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Electronic Music

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"Computers and electronic music are not the opposite of the warm human music. It's exactly the same."
Bill Laswell

Electronic Music is, unsurprisingly enough, music made with electronic instruments, such as synthesizers, samplers and drum machines.

What you use the equipment to make... well that is a very varied thing. Synthesizers and samplers and drum machines are very flexible in the range of sounds they can make, and as such, electronic music is very varied.

You can make pretty much standard pop music with it (often called Synth-Pop), you can make epic and uplifting tunes with it (Trance), you can make the aural equivalent of Mind Rape with it (see Industrial) or you can mix it with many, many other styles (Dubstep, Industrial Metal, etc...). You can even use sample libraries to reproduce the sound of a symphony orchestra; you've probably heard that in major film scores without noticing unless you were listening very closely. Heck, one of the most influential electronic music albums of all time is a set of synthesizer renditions of the music of Johann Sebastian Bach.

Arguably, pure electronic (pop) music can be traced back to Kraftwerk, who made Synth-Pop music that deliberately exploited its synthetic origins. Kraftwerk was one of the first acts, if not the first, that exclusively used electronic instruments (though not exclusively synthesizers) to generate their output. Electronic music itself dates back much further than the 1970s, though; the theremin was invented ca.1920, the "croix sonore" in 1926, the ondes Martenot in 1928, and all of these were written for by avant-garde classical composers like Nikolai Obukhov, Olivier Messiaen, and Joseph Schillinger. (For an example, see Obukhov's The Third and Last Testament, composed in 1946.) The synthesizer itself dates back to 1895 (the Teleharmonium), although modern voltage-controlled synths (along with the name "synthesizer") were first devised by a team at RCA in the 1950s, and didn't enter popular consciousness until Robert Moog left that team to found his own company. In addition to writing for physical instruments that were powered by electricity, as early as the 1920s some composers were making use of 'found sounds' generated by radios, sometimes making longer works largely using collage and even going as far as manipulating them directly (see Dziga Vertov's Enthusiasm! The Dombass Symphony). This technique, reasonably popular among the Italian and Russian Futurists, strongly foreshadowed the later "musique concrete" movement, kicked off by radio engineer Pierre Schaeffer in the late 1940s with works like "Etude aux chemins de fer" (1948), which was created by manipulating the taped sound of a train.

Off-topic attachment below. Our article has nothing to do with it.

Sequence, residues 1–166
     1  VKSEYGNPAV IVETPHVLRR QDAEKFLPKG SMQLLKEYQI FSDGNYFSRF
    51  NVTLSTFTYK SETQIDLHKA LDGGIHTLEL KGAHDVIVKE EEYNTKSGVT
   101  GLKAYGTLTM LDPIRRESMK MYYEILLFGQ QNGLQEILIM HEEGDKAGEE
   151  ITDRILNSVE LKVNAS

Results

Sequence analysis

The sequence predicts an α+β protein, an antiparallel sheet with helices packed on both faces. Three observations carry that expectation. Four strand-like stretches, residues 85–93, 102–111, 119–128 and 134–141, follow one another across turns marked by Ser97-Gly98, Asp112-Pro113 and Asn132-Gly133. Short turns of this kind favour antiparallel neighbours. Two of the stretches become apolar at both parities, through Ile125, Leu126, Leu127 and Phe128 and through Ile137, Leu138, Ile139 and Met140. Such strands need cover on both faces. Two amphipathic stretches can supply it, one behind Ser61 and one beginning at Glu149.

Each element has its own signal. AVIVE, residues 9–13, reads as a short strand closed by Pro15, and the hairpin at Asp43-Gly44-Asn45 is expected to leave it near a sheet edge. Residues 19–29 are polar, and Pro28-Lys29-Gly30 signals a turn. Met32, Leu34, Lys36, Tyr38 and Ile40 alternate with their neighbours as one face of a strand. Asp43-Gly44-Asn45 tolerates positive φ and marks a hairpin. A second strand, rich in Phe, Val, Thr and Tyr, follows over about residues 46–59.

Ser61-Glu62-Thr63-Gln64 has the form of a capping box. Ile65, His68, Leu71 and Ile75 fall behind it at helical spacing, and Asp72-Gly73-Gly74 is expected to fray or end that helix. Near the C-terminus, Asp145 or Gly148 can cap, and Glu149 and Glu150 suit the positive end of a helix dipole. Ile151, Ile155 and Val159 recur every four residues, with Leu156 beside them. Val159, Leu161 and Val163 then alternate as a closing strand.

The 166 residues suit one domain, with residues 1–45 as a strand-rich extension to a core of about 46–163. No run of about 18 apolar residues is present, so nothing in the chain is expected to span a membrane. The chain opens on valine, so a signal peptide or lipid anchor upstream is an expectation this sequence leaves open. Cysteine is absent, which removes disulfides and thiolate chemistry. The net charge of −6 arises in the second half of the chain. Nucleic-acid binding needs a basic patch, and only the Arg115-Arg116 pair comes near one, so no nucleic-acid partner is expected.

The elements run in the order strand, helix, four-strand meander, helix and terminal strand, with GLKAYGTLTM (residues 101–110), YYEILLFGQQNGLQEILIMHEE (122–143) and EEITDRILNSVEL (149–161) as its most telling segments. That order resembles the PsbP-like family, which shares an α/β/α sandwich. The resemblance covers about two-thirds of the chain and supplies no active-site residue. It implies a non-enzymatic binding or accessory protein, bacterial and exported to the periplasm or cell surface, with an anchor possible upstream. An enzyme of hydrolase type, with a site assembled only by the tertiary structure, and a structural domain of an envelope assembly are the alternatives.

The idea of abandoning physical instruments (and prerecorded sounds) altogether and producing compositions completely synthetically was first proposed in 1949, by Werner Meyer-Eppler in his paper Elektronische Klangerzeugung: Elektronische Musik und Synthetische Sprache. From there, many possibilities of the medium began to be explored and too many developments and trends occurred to be worth describing here. Major figures to watch for in the succeeding years include Edgard Varèse (Deserts, 1954); Karlheinz Stockhausen (too many works to pick one, but see Elektronische Studien I and II, 1954); Iannis Xenakis (Concret PH, 1958; Persepolis, 1971; created a system to translate drawings of shapes into electronic sounds in the late '70s); and there have probably been thousands of other interesting composers writing in the same line. Popular music groups like The Beatles and Kraftwerk were directly influenced by Stockhausen, as he continued to be a huge figure in avant-garde music throughout the 1960s and far beyond.

Sub-genres include:

Other Electronic Acts



Electronic Music Inspired Tropes

Alternative Title(s): Electronic Industrial